However, the perfect example of teams that are devoid of this is Germany and Spain. In both teams there is an existence of multiple gamechangers thus obliterating the idea if individualism to perhaps minimal occurrences (Mario Gotze or Andreas Iniesta World Cup winner). This is something Africa must imbibe in her football culture to further boost her chances.
Thirdly is the issue of where their allegiance lies (whether country or club). Established African players draw the bulk of their income from their professional clubs and not national team assignments. Take Yaya Touré, who is one of Africa’s biggest stars, as an example. The Ivorian, who announced his retirement from international football in 2016, earned a staggering basic salary of £240,000 ($352,000) per week in the 2015/16 season from the English Premier League club Manchester City. Conversely, African players are unlikely to get rich from playing for their countries. Zimbabwe’s national team refused to board a plane for Gabon in a dispute over allowances. It was finally
resolved when their football authorities agreed to pay each player $5 000 in appearance fees per match and a daily foreign allowance of $400 each which is pitifully meager when compared to what some of their opponents earn in their day jobs in those fancy European leagues. Hence, the problem of allegiance is most times tied to financial incentives and “player protection”. Even though sometimes professionalism bypasses this barrier, it is still a cankerworm and professionalism would grow weary without monetary benefits. As for Player protection, National teams must be able to assist in treatment of players in the event of injury while on national duty except in the deference of the Club. This is a very sensitive issues as it influences efficiency in performance and commitment. For example Nigerian Emmanuel Emenike for example complain a few years ago that the NFF lacked interest in his welfare and didnt assist when he had a nasty injury while on national duty which subsequently lead to his retirement from international football. This is in fact a legitimate problem.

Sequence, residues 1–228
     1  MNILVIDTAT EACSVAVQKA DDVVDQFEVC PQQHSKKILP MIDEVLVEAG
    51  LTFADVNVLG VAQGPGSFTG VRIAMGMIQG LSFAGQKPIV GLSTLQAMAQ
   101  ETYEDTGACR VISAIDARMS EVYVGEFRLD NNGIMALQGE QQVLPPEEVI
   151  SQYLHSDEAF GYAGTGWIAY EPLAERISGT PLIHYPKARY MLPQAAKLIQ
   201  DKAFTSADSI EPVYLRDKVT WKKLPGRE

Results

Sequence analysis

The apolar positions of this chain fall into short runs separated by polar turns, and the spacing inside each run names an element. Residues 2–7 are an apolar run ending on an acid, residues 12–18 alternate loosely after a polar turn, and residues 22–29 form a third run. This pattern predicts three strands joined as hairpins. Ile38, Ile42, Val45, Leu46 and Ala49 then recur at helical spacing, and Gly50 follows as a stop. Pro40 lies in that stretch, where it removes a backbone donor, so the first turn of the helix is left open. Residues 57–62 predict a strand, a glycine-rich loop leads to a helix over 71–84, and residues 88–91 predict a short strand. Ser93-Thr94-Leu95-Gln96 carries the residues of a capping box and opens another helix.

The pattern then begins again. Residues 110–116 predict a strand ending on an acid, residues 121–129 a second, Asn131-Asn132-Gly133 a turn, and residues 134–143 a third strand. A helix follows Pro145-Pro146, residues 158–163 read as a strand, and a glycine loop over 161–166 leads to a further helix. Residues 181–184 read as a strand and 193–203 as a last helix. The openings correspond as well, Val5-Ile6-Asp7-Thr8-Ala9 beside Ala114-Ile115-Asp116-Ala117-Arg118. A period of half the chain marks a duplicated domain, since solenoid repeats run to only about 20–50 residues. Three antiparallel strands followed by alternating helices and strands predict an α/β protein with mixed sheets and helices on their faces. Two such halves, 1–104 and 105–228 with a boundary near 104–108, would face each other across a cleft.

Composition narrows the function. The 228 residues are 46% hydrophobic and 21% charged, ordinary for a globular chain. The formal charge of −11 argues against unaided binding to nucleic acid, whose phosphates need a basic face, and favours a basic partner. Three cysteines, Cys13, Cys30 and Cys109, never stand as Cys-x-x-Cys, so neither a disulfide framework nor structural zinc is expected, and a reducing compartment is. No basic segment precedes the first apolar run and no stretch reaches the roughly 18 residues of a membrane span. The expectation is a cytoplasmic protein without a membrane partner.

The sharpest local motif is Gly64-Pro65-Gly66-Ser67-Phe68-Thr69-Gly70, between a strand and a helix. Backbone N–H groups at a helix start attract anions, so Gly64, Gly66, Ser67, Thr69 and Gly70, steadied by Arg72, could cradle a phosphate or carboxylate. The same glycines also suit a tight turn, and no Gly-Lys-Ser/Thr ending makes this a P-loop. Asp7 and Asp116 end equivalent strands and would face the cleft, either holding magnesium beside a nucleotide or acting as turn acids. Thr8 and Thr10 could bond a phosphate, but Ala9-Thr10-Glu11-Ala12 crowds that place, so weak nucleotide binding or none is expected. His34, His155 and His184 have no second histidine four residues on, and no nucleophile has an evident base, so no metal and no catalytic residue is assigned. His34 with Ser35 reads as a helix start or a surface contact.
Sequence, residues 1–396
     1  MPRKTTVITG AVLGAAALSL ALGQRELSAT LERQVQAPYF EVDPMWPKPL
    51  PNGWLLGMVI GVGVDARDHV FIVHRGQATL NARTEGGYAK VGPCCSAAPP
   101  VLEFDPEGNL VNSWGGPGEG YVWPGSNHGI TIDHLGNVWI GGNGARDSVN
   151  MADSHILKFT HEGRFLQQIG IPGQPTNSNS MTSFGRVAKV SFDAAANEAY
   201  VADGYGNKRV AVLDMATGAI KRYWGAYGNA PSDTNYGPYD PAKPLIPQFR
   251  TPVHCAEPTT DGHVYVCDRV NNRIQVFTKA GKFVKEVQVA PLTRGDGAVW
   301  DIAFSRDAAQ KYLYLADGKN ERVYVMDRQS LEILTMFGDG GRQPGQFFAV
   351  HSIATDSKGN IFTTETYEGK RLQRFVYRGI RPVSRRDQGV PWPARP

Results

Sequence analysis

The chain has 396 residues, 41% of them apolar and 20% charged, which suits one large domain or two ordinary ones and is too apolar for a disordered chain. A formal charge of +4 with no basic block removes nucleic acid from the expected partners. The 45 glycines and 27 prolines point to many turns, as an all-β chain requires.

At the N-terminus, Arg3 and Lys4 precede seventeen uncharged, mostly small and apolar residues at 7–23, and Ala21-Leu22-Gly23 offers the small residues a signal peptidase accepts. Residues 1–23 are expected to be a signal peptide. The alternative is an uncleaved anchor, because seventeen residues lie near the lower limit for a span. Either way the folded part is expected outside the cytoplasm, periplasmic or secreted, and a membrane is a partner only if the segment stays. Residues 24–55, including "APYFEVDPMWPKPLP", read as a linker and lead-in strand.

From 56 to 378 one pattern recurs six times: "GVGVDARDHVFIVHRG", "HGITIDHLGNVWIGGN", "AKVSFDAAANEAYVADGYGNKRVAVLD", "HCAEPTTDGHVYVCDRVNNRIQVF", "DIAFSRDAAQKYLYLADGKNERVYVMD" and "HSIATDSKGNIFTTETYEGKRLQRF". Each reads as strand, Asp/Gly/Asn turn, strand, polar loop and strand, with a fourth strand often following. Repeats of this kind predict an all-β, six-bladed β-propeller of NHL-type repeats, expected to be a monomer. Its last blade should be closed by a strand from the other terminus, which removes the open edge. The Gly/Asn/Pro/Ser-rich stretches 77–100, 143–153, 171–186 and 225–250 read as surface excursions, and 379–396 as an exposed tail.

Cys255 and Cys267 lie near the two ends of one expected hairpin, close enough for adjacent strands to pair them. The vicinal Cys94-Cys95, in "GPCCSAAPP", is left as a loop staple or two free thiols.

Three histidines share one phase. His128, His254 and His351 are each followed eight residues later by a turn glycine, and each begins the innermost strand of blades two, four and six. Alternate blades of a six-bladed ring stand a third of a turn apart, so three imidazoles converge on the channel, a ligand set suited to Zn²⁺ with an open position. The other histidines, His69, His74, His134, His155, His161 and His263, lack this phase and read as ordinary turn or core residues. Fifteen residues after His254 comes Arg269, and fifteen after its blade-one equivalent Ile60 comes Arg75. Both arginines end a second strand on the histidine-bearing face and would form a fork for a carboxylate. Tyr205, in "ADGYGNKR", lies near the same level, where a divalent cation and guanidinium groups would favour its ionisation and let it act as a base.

Lastly, they exist the problem of “indirect influencers” or politics in football team selection for major National tournaments usually forcing the will of team coaches. This is a BIG problem as this overrules meritocracy in the sport. Players pay National football officials to influence coaches to select them irrespective of their performance or players even pay Coaches directly. This has sometimes lead to the National football federations in respective African countries to use this as justification for appointing foreign coaches with high level of experience which they say are devoid of such corruptive tendencies. While they might exist an atom of truth in this, it can be questioned owing to the insatiability of humans which can trump professionalism. Consequently, this is problem can be eradicated by ensuring independence of Team coaches in decisions as these. After all what were they paid for? Also infusing policies to dis-incentivise players from engaging in this deplorable act and banning them(Coaches, players or Managers) from the National team when necessary. (e.g incultating football spies who can be loyal and less prone to manipulation (especially when highly paid) In football team management while installing them at a position of decoid : just a suggestion. Just like I think adeife (A student of a university in akure Nigeria) would make a good loyalist based on his religious background and intuition)
Conclusively, the existence of these problems (not limited to), shows that Africa is far-off as regards winning the World Cup and doing so would be very unlikely or would perhaps be due to massive luck. However, even luck is forced and structural incapabilities in this context can’t force luck. And these Imbalance is intricately part of African Football but can be eradicated. Until then, Africa is the less lucky continent when compared to the others and are still at the bottom of the pyramid. However, getting to apex and competing objectively with the rest of World is in her hands. Would we see her act? Nobody knows but her.